When we asked Denver’s Rainbow Militia to show us what democracy looks like, they responded with dance, poetry, and song. You’re going to want to see this.
I wish I could tell you that the trio of really-quite-wonderful things you’re about to look at came out of me sitting down and doing many hours of planning and brainstorming. But no, no, that’d be a lie.
See, I’d been hearing about this “immersive theater troupe” called Rainbow Militia for a while, a bunch of artists, singers, acrobats, dancers, magicians—a circus, basically!—and wanted to get them into something here at History Colorado. They’d be absolutely spectacular, I just knew it! So, would it be as part of our Colorado Day festivities? Would they stand on stilts and do magic tricks on the corner of Broadway and Ellsworth? Maybe hang from the rafters in the History Colorado Center’s atrium and do acrobatics?
Then the pandemic hit, and the ideas for plugging the Militia into something fell apart, and I had no more ideas for them… But I think it’s clear, as you’ll see, that me getting out of the way and letting Amber Blais, Staza Stone, and the rest of their comrades who work with the Militia use their own ingenuity to create this really-quite-wonderful thing—three of them, three really-quite-wonderful things, no less!—ended up being for the best.
And the really-quite-wonderful things in question are three short films, each of which take some kind of inspiration from the quirky set of images History Colorado has been employing to invite folks in to participate fully in our series exhibitions, events, and experiences designed to help you think about what democracy looks like today.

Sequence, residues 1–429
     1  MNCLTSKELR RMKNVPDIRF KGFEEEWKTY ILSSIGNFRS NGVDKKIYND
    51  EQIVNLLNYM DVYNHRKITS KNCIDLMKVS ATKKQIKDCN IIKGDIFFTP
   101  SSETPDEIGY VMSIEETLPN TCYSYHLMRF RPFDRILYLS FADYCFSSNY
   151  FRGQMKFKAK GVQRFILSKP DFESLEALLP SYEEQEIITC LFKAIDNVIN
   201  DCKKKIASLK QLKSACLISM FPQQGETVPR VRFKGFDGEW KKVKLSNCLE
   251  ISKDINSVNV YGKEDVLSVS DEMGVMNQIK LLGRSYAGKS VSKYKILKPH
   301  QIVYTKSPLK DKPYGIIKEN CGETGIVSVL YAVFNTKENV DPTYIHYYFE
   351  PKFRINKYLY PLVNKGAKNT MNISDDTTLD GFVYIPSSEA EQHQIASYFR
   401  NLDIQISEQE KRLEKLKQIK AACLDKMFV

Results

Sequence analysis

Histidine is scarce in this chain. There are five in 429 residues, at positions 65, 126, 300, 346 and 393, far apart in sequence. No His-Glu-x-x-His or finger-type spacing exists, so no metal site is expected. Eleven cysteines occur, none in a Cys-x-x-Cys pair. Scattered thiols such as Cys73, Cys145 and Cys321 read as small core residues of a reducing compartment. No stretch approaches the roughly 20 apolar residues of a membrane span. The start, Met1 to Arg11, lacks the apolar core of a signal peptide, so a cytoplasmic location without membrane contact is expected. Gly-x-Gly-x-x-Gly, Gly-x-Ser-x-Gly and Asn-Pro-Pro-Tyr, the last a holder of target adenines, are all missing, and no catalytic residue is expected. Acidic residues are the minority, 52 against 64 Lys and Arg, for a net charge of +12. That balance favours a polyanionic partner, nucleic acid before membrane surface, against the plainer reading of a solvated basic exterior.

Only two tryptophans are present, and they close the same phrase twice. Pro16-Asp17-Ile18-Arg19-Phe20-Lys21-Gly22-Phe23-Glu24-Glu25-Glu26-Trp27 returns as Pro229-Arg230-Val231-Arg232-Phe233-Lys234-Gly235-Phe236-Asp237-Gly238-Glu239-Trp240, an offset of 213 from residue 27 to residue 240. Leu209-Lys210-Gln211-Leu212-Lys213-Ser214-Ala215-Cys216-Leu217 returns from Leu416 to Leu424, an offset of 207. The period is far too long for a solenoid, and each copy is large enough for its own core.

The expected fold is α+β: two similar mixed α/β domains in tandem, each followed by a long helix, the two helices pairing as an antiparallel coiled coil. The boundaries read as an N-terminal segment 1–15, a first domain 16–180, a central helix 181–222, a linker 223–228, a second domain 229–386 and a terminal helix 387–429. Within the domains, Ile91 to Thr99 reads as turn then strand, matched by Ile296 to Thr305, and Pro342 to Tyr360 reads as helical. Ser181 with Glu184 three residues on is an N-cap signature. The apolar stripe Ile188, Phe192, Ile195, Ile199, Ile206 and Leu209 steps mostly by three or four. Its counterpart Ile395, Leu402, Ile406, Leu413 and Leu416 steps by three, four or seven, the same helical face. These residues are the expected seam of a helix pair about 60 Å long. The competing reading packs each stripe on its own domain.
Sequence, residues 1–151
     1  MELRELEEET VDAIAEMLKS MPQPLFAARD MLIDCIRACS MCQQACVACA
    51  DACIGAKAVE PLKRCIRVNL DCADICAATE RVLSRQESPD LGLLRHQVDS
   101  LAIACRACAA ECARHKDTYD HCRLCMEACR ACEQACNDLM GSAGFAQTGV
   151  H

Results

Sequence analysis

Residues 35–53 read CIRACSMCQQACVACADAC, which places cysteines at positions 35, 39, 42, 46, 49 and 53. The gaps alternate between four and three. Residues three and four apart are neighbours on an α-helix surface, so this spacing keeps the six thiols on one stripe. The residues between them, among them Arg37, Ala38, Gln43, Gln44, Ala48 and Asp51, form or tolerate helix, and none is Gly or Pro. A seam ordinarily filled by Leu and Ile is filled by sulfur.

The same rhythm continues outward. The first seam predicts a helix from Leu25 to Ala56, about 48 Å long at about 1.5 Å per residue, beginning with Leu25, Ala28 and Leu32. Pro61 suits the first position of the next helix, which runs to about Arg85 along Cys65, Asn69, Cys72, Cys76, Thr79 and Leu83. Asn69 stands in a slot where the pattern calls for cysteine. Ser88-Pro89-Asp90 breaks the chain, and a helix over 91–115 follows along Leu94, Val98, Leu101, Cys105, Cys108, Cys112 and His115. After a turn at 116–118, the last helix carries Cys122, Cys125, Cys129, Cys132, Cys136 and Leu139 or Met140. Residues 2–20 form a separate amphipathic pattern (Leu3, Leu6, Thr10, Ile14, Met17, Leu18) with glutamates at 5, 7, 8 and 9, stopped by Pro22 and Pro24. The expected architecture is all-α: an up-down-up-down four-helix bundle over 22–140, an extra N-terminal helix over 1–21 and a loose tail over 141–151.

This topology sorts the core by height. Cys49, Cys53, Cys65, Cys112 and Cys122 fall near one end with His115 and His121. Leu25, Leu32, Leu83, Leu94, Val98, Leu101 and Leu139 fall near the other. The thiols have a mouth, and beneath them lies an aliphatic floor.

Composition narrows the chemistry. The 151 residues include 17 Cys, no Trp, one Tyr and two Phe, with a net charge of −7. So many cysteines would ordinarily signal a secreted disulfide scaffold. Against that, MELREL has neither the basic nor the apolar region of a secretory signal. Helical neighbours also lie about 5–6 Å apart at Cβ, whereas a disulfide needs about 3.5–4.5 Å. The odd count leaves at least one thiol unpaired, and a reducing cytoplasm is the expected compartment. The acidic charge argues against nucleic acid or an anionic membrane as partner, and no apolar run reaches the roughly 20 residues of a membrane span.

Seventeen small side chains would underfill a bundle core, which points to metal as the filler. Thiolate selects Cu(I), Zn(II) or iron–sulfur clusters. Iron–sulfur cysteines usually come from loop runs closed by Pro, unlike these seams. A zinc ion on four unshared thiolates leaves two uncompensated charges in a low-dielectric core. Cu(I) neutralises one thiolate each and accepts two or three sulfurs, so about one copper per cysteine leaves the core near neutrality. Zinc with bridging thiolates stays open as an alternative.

Some of it is movement. Some of it, song and spoken word. Some of it’s all three. All of it is entirely original, moving, and absolutely fantastic.
Vision and Visibility Kathryn Redhorse, director of the Colorado Commission on Indian Affairs, reflects on 2020 as a potential turning point in American Indian and Alaska Native communities’ long struggle for visibility, acknowledgment, and social justice.
A Big, Complex, and Incomplete Story of the Vote In the fall of 2018, I started working on plans to commemorate the 100th anniversary of the 19th Amendment. As we mark this occasion on August 26, what I thought would feel like an ending to this work feels like just the beginning.
Health, Recreation, Education, and Uplift: Lincoln Hills and Black Recreation in the Colorado Mountains When temperatures soared in cramped, noisy cities, Colorado’s higher elevations promised chilly nights and mild days spent fishing, camping, and hiking under shady pine trees. Unlike their white counterparts, however, African Americans could not head just anywhere in the mountains. Not far outside of Denver, Lincoln Hills, a vacation community developed for Black people, represented both an escape from the city and an escape from segregation.